international analysis and commentary

How Modi’s second term will turn on economic reforms to make India stronger


In May, India re-elected Narendra Modi as Prime Minister, increasing his majority and giving him 303 out of 543 parliamentary seats. If the tally of coalition partners is added to those of his own Bharatiya Janata Party (BJP), Modi has an additional 50-seat buffer. The result was 30 seats higher than his own party’s internal estimates. The extent of his success, which included increasing the BJP’s vote share by 6.3 percentage points, raises two questions: One, how did Modi succeed in bucking the anti-incumbency tendencies of the Indian voter? Two, what does the most successful right-wing politician in modern Indian history plan to do with his mandate?


Crafting a victory

Commentary outside India has tended to see Modi’s nationalistic rhetoric – and an aerial military skirmish with Pakistan in the run up to the voting – as the secret sauce behind the Prime Minister’s win. Surveys of voters, however, indicate a more nuanced reason. Modi can be said to have won for four reasons.

One, and probably the most important, was a series of welfare schemes that provided millions of poor access to toilets, cooking gas connections, low income housing and cash income supplements. While none of these were unprecedented, Modi used a mix of biometric identification and digital wallets to ensure better targeting. Over the five years of his first term, some economists have calculated, Modi paid out two trillion rupees ($29 billion) in subsidies and created more than one trillion rupees in assets for the poor. The BJP’s vote share among the poor, the largest segment of the electorate, jumped from 24% to 36%, even while it retained its traditional support among the middle and upper-middle classes.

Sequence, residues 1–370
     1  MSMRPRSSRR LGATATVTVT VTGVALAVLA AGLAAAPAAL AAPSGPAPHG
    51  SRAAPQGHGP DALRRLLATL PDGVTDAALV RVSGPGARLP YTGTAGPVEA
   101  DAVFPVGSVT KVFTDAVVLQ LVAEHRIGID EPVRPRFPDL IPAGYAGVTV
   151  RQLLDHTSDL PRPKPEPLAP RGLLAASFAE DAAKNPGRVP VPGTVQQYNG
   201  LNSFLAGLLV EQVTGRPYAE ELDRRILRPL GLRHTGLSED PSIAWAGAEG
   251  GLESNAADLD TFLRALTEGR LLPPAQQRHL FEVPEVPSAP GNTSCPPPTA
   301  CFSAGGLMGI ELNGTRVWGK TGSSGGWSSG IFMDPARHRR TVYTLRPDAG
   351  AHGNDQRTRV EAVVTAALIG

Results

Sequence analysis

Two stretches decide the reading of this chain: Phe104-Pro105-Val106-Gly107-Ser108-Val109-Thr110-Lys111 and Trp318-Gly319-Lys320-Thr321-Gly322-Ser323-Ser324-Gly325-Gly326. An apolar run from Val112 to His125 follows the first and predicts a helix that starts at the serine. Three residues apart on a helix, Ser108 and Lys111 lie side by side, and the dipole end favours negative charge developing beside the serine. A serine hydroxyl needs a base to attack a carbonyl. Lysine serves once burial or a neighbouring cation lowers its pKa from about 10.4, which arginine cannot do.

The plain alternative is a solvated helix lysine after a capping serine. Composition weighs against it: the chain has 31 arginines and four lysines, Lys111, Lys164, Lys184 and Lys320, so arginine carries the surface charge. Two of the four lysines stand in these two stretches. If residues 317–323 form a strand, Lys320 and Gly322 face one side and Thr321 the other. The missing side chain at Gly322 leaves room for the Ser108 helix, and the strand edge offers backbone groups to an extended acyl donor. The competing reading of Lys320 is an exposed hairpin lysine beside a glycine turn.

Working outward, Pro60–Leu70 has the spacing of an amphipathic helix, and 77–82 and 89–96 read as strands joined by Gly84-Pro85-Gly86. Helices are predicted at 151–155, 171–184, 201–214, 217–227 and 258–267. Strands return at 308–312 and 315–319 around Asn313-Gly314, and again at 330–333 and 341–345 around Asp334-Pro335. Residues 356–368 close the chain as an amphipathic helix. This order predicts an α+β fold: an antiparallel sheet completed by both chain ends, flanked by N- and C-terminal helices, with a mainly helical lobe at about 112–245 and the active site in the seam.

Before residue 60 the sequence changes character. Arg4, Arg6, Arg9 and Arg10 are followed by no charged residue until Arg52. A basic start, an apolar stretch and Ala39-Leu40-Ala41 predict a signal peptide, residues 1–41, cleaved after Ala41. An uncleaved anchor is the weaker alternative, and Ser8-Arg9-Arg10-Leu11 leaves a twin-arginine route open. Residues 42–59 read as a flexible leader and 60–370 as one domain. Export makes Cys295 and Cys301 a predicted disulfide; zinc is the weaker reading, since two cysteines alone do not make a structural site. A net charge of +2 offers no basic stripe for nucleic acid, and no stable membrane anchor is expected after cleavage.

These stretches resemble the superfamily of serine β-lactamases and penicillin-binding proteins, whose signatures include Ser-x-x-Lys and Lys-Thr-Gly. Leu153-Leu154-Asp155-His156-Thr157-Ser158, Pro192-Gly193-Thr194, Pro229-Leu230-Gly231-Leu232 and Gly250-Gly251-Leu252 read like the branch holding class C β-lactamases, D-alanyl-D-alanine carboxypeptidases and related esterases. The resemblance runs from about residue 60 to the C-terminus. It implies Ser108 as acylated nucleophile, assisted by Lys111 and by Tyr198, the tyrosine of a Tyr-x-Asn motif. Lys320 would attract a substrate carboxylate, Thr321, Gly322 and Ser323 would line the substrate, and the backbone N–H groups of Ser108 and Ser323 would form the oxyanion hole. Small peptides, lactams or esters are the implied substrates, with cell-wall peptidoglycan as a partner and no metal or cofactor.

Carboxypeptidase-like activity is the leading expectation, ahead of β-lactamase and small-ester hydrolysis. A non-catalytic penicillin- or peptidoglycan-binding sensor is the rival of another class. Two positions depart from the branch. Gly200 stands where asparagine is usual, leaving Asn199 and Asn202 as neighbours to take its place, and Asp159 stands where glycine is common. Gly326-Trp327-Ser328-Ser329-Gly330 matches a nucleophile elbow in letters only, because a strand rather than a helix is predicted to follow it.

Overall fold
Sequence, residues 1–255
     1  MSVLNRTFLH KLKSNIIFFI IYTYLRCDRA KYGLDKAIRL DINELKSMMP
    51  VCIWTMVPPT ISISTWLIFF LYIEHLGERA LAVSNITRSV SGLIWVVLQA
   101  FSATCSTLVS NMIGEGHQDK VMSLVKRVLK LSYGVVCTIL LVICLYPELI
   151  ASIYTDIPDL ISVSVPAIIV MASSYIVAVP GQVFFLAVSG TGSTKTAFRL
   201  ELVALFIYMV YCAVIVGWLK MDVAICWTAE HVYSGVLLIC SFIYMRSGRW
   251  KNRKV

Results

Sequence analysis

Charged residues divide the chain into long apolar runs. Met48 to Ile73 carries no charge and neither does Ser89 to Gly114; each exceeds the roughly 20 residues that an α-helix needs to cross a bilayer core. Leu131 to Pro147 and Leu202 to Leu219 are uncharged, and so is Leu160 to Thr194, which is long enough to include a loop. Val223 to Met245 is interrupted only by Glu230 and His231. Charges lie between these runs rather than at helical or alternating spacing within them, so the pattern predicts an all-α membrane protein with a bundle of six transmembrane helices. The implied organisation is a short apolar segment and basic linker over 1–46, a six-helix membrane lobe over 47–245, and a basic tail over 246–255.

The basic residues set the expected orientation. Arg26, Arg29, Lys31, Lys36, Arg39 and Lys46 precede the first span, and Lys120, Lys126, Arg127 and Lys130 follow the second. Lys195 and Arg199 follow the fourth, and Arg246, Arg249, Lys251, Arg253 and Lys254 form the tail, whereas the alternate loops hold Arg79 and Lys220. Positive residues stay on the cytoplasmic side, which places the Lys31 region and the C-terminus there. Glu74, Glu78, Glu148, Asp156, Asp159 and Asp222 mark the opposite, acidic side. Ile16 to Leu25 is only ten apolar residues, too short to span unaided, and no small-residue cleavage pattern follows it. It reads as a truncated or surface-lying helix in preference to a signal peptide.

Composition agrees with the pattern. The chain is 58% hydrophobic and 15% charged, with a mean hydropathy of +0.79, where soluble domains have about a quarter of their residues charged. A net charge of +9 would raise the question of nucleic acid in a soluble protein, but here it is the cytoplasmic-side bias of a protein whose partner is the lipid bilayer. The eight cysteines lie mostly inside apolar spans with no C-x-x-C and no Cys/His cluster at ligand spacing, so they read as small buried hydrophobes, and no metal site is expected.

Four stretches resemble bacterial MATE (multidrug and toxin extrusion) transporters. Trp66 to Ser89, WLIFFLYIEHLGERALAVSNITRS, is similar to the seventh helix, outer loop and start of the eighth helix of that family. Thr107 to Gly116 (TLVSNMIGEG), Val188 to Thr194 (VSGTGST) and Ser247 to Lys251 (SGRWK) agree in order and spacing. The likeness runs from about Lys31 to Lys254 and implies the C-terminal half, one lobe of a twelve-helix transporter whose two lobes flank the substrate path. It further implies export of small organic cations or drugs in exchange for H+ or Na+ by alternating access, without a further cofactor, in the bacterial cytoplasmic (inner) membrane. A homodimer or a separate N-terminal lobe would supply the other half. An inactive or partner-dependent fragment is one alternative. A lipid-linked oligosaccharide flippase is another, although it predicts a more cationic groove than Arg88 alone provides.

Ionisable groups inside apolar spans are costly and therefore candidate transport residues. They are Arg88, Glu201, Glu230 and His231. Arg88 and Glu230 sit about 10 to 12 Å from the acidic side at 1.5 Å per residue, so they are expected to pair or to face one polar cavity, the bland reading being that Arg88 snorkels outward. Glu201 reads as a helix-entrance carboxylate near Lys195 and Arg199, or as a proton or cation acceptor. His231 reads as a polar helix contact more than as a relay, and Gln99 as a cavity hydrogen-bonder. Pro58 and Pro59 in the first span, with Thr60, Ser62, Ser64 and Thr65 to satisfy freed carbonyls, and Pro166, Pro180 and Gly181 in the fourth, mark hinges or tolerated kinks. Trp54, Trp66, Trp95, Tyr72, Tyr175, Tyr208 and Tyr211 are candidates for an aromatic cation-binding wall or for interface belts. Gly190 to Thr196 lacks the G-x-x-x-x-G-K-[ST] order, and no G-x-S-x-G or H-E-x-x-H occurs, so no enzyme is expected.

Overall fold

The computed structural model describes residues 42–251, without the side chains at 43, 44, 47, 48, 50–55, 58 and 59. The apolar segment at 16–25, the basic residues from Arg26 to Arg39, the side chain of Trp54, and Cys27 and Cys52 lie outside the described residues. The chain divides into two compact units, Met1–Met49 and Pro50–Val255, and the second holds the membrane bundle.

Two, Modi was able to portray opposition candidates as lacking his leadership qualities, exploiting polling that showed his approval rating was light years ahead of everyone else. Projecting himself was important as these same polls showed his ratings were about double that of his own party. Almost all journalists who travelled the country and spoke to voters commented on the positive views of Modi they encountered, even among opposition supporters.

Three, the BJP built a well-oiled electoral machinery that was streets ahead of its rivals. It was a pioneer in the use of sophisticated big data, deployed a vicious but effective social media army, even while maintaining a traditional booth-centered mobilization strategy and ensuring it had overflowing coffers. In each one of these areas the BJP’s primary opponent, the Congress Party, lagged far behind.

Four, the BJP used Hindu revivalism and flag-waving as the masthead of its campaign. Surveys indicate between 4% and 6% of voters were swayed by nationalism, including the airstrike and subsequent contretemps with Pakistan. In an election where a 1% swing could move as many as 30 seats from one column to another, this gave the BJP a crucial edge. Nationalism was important in mobilizing the right-wing base of the party and, to some extent, blunting unhappiness with job losses and slower growth created by some of Modi’s less successful economic reforms.


What’s next?

There were two distinct periods in the first Modi government. Between 2014 and 2016, the Prime Minister spoke about his determination to carry out a root-and-branch removal of an entrenched and corrupt political-business nexus that marks much of the Indian economy. While he did accomplish some reforms, most notably a nationwide Goods and Service Tax, many of his other reforms were only partially or faultily implemented. Stung by a number of state election defeats and a disastrous demonetization exercise, Modi, since 2017, has stressed welfare and social change. The evidence, so far, is that in his second term Modi will turn the clock back to 2014.